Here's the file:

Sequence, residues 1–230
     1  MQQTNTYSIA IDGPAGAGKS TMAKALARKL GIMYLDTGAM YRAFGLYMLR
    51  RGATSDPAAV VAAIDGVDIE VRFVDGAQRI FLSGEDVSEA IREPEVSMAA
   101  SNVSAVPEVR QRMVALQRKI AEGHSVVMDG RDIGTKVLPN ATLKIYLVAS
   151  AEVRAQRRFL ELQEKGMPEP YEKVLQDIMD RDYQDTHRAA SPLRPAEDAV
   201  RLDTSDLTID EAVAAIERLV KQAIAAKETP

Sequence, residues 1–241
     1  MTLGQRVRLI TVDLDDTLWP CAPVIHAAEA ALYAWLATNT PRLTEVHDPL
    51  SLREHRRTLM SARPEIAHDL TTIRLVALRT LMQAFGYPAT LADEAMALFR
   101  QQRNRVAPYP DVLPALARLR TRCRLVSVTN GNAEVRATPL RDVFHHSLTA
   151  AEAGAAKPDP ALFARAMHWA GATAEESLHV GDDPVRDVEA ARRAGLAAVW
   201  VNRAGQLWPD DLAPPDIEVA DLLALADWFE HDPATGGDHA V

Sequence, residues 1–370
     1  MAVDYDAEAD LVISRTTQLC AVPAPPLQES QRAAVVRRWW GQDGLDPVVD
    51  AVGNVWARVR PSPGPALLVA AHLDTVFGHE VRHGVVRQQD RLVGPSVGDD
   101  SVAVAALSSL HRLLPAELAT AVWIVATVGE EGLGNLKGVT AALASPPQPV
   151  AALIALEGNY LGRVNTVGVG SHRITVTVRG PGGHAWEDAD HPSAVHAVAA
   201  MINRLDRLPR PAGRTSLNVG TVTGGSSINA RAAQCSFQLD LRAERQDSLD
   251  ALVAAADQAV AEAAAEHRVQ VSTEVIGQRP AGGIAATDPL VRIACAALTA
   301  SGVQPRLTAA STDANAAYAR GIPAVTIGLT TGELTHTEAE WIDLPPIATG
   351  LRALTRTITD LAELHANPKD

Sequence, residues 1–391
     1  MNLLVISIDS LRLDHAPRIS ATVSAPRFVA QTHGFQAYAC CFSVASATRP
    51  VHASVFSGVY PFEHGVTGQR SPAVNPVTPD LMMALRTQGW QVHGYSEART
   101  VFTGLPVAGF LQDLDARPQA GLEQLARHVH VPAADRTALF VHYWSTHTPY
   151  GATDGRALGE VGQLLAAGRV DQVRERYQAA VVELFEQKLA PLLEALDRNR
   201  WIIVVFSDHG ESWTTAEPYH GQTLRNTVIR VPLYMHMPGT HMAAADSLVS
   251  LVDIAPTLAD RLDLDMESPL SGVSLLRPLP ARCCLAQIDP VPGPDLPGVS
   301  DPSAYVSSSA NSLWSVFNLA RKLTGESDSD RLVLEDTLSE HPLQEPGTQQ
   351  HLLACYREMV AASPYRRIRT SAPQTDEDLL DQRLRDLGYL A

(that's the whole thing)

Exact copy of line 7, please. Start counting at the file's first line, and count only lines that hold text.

Sequence, residues 1–241